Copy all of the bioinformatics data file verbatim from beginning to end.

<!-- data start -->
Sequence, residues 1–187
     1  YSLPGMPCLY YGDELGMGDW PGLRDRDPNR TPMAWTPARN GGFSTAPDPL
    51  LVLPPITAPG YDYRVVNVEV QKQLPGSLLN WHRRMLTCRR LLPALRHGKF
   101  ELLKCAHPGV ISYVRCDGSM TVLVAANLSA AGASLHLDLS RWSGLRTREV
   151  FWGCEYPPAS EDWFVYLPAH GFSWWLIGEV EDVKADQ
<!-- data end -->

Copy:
Sequence, residues 1–187
     1  YSLPGMPCLY YGDELGMGDW PGLRDRDPNR TPMAWTPARN GGFSTAPDPL
    51  LVLPPITAPG YDYRVVNVEV QKQLPGSLLN WHRRMLTCRR LLPALRHGKF
   101  ELLKCAHPGV ISYVRCDGSM TVLVAANLSA AGASLHLDLS RWSGLRTREV
   151  FWGCEYPPAS EDWFVYLPAH GFSWWLIGEV EDVKADQ